In short, Clinical Nurse Specialists possess distinct attributes that help them lead in the workplace. They love searching for and understanding new information; they have growth mindsets, value working with diverse people, and learn from failures. It is because of these strengths CNSs can thrive in their careers.

Clinical Nurse Specialist vs Nurse Practitioner

Both Clinical Nurse Specialists and Nurse Practitioners (NP) are common nurse specializations, and it can be difficult to truly understand where these two roles overlap and where they differ. While CNSs and NPs do share some responsibilities, they also both carry out duties distinct to their positions. 

  Clinical Nurse Specialist

Nurse Practitioner

Role Summary CNSs focus more on taking care of the staff, organization, and patients as part of the management team. They do have input into the management of patient care, as well.

In some states, a CNS may have prescriptive privileges.

An NP focuses on direct patient care and patient management:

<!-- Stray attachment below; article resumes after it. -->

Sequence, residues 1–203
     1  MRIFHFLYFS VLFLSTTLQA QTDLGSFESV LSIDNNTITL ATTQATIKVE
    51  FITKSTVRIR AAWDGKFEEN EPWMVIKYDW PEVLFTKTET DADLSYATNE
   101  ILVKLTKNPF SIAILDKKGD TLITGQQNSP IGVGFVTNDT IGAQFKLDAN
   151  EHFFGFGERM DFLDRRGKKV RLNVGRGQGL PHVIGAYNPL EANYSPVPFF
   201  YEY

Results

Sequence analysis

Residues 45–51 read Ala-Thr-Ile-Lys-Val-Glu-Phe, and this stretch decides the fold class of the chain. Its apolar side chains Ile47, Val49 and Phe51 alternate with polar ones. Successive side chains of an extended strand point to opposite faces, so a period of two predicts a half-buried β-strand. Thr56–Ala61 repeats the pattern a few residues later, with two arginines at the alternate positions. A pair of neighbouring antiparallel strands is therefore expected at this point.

• Assessing patient needs
  • Ordering and interpretation of diagnostic and laboratory tests
  • Formulating treatment plans
  • Prescribing medications
Typical Practice Area

Similar to NPs though CNS are often used in Level of Care locations as well as specialty populations

Acute care settings, hospitals, private practices, clinics, specialty units, nursing homes, etc.
Day-to-Day Duties Working with policy, procedures, guidelines of care, process improvement, patient flow, and competency validation—in addition to patient care Seeing and treating patients

Care Specialties Specialty populations, type of problem, settings, type of care, or disease. Like CNSs, NPs can be used for specialty populations (CHF, diabetes, etc.) or can work alongside a primary provider in private settings.

According to Mendoza, a CNS can generally transition into an NP role easier than an NP can transition into a CNS role, “because the impact of change a CNS is expected to make goes from directly taking care of a patient to organizational implementation change that entails direct ‘care’ among multiple groups of people in the organization.”